“Nearly five months after the deadliest incident in garment manufacturing history, the suffering is far from over for the victims, their relatives and the rescue workers,” Jason Motlagh writes for The Washington Post.
“Many families have received only part of their promised financial compensation. And activists and health-care professionals decry a lack of psychological and financial support for scores of survivors and rescue workers stricken with invisible handicaps,’ he notes:
According to the Solidarity Center, a nonprofit group affiliated with the AFL-CIO, the Bangladeshi government has paid settlements to dependents of 777 of the 1,131 confirmed dead in the disaster, in amounts ranging from $1,250 to $5,000. An additional 36 garment workers who lost limbs or were paralyzed have received between $15,000 and $18,750 each.
Smaller amounts have come from a British chain, Primark, which used a supplier in Rana Plaza, and the Bangladesh Garment Manufacturers and Exporters Association, which represents the $20 billion-a-year industry. A group of Western clothing brands are also discussing providing a lump-sum payment for the suffering experienced by the victims of Rana Plaza.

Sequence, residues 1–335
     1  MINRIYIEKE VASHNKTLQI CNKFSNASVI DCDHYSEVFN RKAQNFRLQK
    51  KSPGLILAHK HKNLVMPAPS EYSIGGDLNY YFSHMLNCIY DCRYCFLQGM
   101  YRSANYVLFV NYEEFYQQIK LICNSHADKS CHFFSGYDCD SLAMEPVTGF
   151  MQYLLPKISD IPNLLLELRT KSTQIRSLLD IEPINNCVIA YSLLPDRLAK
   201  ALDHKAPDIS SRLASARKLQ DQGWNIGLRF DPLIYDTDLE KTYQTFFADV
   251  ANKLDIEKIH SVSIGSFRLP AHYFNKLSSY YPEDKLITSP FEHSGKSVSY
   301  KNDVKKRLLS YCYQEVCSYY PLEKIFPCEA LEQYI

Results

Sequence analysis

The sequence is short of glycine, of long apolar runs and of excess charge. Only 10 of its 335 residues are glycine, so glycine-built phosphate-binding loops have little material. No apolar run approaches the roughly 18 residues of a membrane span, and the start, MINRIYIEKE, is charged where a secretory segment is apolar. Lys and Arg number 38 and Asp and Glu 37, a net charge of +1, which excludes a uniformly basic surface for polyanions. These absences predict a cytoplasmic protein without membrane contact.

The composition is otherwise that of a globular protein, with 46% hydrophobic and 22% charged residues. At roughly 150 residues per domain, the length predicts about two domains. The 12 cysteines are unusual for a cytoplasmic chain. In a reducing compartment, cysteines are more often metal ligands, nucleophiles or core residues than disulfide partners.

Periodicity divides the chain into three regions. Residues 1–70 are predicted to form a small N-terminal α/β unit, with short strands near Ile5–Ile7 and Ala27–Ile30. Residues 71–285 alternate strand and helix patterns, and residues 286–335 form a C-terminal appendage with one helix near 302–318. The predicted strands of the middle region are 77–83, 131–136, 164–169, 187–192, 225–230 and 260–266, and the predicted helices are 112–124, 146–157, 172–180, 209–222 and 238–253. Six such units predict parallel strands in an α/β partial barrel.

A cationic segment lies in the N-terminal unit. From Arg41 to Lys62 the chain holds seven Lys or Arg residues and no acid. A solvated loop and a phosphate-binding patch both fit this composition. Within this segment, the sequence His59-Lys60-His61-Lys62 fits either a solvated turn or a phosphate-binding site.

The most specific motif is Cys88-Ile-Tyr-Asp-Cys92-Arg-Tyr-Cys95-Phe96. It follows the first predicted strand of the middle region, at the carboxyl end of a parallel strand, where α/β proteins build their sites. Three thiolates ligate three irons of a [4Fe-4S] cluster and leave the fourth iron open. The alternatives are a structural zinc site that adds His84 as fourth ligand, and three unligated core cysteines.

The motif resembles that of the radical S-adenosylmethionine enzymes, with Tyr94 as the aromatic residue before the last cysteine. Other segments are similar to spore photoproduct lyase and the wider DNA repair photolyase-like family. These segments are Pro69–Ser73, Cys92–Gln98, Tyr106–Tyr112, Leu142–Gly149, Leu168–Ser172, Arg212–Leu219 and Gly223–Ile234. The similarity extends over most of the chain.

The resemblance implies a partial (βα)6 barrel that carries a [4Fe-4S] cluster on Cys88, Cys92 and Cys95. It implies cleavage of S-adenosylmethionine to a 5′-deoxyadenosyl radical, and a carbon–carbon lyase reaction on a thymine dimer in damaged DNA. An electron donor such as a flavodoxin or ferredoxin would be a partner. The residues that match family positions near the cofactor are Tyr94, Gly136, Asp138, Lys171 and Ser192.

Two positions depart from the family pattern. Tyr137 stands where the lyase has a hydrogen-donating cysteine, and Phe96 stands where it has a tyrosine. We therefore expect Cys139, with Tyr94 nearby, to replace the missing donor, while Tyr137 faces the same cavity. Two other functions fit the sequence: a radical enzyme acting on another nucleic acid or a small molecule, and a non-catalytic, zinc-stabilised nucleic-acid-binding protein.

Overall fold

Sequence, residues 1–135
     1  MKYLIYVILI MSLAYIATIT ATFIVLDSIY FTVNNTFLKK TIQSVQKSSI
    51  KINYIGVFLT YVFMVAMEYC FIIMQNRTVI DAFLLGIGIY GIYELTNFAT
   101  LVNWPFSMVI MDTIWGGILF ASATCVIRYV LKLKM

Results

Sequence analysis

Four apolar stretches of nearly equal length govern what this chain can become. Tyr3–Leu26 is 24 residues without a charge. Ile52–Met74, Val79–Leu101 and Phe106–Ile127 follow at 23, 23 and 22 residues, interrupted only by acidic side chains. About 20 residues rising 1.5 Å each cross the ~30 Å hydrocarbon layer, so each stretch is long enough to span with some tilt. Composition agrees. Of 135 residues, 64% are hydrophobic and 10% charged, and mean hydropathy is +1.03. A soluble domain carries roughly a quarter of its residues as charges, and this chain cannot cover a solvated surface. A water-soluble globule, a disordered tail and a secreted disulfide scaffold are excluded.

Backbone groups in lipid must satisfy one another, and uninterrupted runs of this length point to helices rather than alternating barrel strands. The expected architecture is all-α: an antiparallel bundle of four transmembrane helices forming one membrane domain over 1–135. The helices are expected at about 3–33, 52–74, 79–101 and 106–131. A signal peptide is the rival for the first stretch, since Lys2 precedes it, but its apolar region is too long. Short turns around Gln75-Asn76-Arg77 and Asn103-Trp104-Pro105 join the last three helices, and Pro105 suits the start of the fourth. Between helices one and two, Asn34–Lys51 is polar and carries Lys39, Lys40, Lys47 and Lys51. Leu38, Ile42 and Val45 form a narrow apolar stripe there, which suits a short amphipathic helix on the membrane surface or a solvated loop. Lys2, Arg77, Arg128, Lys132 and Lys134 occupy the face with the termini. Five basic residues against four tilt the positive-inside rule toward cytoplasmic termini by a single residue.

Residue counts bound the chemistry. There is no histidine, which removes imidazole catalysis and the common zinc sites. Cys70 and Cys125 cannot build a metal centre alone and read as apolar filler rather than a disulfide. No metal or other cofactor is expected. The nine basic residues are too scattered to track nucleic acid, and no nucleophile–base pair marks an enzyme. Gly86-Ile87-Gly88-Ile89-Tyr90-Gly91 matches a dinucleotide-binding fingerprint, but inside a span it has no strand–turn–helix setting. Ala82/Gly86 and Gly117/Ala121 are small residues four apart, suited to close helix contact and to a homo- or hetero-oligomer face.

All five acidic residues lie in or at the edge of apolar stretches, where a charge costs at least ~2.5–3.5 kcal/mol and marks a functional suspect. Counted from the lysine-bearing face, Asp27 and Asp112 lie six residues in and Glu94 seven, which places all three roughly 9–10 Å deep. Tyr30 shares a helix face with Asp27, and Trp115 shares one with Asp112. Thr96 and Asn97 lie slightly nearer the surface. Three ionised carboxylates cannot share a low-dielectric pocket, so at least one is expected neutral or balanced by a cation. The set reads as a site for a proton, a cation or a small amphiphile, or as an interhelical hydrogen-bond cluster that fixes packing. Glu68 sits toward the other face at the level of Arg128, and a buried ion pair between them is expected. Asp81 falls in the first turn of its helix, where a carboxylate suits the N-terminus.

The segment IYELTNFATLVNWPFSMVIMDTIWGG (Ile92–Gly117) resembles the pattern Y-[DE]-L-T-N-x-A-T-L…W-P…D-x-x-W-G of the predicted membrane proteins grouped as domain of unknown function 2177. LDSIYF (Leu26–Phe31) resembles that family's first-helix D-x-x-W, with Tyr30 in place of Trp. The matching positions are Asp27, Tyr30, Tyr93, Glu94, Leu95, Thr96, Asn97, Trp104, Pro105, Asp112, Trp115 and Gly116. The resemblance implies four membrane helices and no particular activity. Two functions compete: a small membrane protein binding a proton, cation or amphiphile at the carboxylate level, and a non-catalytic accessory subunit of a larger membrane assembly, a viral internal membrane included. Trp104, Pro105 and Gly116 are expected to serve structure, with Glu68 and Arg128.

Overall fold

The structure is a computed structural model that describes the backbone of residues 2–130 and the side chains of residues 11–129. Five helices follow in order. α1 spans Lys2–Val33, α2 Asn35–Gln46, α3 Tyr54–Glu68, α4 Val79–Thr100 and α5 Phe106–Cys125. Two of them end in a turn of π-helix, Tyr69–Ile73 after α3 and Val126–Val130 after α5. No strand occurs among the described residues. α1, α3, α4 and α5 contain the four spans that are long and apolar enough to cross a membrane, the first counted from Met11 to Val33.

“Our demands are to ensure a safe workplace for garment workers through compulsory inspections, a living wage, and the right to organise,” said Amirul Haque Amin, President of the Bangladeshi National Garment Workers Federation. “The conditions that garment workers are in is totally unacceptable, with the minimum wage just 3000 taka [around $39] a month. Workers must work 12 hour days, and sometimes seven days a week. But I am hopeful of the impact of the accord,” Mr. Amin said. Garment manufacture constitutes the biggest industrial sector in Bangladesh, he said, and over 79 per cent of its exports in 2011-2012.
“We are trying to build international solidarity on this issue, as it is about the ethics of U.K. companies where we shop and work. A motion on the agenda will be moved at our congress by the shop workers unions on the Bangladesh situation,” TUC’s Head of European Union (EU) and International Relations Department, Owen Tudor told The Hindu:
The Bangladesh Building and Fire Safety Accord, crafted by the global unions IndustrialALL and UNI, has already been signed by 86 clothes brands including names such as Abercrombie & Fitch (U.S.); Benetton (Italy); Carrefour (France); Casino Global (Hong Kong); Next; Primark; and Marks and Spencer (all three U.K.); H&M (Sweden); Mango (Spain). It also has labour NGOs such as Clean Clothes, plus representatives of the International Labour Organisation (ILO) and the Government of Bangladesh on board.